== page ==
My rides in Massachusetts, unless I'm training out in the hills near Fitchburg/Sterling/Wachusett (where I'd done a race on Saturday, more on that, sadly for you, in a bit) or even further out west (it's a whole other ballgame out there), generally start at the in-laws' place. It's customary practice for the family to get up on Sunday morning and take a leisurely drive out west to a very nice farm, have some scones and coffee, sit and talk, buy a bit of produce, make a morning of it. I'll usually leave their house on my bike ~20 minutes before they leave in the car, meet them for a quick cuppa, then be on my way through the rolling roads that make up the farmland and quite nicely manicured residental landscape of this area of the state. To be clear, I've had some very, very enjoyable bike rides in this area of Massachusetts. Despite having to share the roads with Massachusetts drivers, even. Incroyable.

Episode One
I leave the house on the bike a little past 9am, spinning easily in the little ring so as not to tax the legs and lungs, still a bit shot from Saturday's race and the previous week's training. This is going to be a long, though easy, but still very long day in the saddle. We just wanna ease in, then ease on down, ease on down, ease on down the road. On my way to the farm I see a fair number of recreational and club riders out doing their morning rides. And this is AWESOME. People on bikes. A thing of beauty. I give them all the wave as we pass one another by. Few, if any, return my greeting. But that's okay, because it's early, it's nice out, and we're riding bikes. Ain't gonna break-a-my-stride. We could be at the mall buying useless crap, or in line at the Buffeteria ready to stuff our gullets with all things deep-fried, or filling our 20-gallon tanks with hundreds of dollars of gasoline (daily), but we're not doing those things. We're riding our bikes. And this is a very good thing. A thing... of beauty.

I get to the farm, I have some coffee and a bran muffin (oh, the magic you work), I talk to the in-laws and my wife about baking and pastry and landscaping and home renovations (per usual), and then I get on the road. As I'm leaving I see a [casual, neon-green jacketed, mirror-on-the-helmeted, down-tube shiftered, panniers aplenty] group ride heading the other way. I give them a wave. They put their heads down. O. Kay.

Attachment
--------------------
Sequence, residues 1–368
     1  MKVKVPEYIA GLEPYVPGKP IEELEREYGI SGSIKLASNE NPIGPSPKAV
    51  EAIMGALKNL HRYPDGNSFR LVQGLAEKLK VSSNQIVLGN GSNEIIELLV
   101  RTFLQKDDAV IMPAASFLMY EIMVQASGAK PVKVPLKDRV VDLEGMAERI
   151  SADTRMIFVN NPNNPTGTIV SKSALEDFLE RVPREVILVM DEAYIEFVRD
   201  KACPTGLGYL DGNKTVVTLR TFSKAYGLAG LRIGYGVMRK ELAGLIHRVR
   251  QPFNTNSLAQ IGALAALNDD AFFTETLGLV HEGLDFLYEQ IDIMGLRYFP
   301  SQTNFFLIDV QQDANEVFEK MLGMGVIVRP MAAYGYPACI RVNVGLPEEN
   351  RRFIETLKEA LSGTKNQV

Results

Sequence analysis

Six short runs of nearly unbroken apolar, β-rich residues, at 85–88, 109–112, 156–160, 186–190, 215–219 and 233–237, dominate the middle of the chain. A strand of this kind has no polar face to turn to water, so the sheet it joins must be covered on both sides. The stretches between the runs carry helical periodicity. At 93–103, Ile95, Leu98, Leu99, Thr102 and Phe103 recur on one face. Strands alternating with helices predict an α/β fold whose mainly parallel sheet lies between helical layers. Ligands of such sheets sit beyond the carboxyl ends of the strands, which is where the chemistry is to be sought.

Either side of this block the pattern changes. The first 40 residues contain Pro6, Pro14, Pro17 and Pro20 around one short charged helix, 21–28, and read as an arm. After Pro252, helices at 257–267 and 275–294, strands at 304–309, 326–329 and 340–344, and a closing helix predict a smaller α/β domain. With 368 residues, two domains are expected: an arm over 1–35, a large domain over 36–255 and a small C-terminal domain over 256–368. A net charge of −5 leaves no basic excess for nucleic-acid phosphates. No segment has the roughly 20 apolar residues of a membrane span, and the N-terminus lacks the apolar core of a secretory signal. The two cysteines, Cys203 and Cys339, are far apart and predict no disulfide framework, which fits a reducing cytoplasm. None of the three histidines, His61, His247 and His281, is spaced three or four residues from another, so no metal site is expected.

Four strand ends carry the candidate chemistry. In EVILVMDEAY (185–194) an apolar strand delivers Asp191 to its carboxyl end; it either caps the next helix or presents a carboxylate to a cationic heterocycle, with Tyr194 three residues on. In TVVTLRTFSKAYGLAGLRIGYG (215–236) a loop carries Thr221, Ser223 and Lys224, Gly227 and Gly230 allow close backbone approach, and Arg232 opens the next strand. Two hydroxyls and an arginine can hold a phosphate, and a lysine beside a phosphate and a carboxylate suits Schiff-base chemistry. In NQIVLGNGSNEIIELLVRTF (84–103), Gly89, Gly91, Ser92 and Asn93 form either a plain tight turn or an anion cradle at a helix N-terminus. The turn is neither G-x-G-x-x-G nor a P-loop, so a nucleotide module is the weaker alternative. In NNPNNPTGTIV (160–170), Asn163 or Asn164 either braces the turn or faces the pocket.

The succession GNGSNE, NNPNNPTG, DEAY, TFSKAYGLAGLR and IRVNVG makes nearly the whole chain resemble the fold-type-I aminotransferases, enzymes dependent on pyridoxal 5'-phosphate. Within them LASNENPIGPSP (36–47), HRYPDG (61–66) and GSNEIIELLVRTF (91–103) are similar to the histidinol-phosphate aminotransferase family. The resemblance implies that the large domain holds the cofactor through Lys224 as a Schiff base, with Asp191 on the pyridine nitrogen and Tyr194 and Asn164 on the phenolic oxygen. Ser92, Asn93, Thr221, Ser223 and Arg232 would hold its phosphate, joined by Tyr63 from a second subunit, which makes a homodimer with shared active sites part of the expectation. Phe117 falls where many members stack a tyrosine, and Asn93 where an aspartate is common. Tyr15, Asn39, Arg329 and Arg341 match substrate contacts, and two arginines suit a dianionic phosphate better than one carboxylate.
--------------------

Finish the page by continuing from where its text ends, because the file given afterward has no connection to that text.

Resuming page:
Ten minutes later I'm still spinning easy. I'm maybe 15 miles total into my ride. Just getting warmed up. Heading to an intersection I hear the unmistakable clack-clack-clack of shifting gears behind me. I make the turn and the clacking continues. And it's right on my wheel. I take a peripheral glance and see one, two, make that three riders, all of them female (not that any of this is important), I think. I really never turned around.

Now, understand a few things.

Thing the first: I had a two-week break from training and racing bikes in December, after training hard since last May, when I picked the sport up again. Other than that little winter time off, I've been training every day since the New Year (I take Mondays off from the bike nearly year-round - otherwise: training). I've been doing weight work, I've been crosstraining, I've been doing lots and lots and lots of basement trainer miles through the winter, just like everyone else who races bikes. I've been riding outside as much as possible since March, when the snow finally started melting (this winter sucked, for the record). I've also been dealing with a crippling back injury, which set me back at least two months. I've trained through a lot of it and it's been no fun. I've been racing every single weekend, often twice on the weekend, since the first week of April. I'm a bit... tired. I'm still at it, still building, still collecting data. But the edges, they are slightly frayed.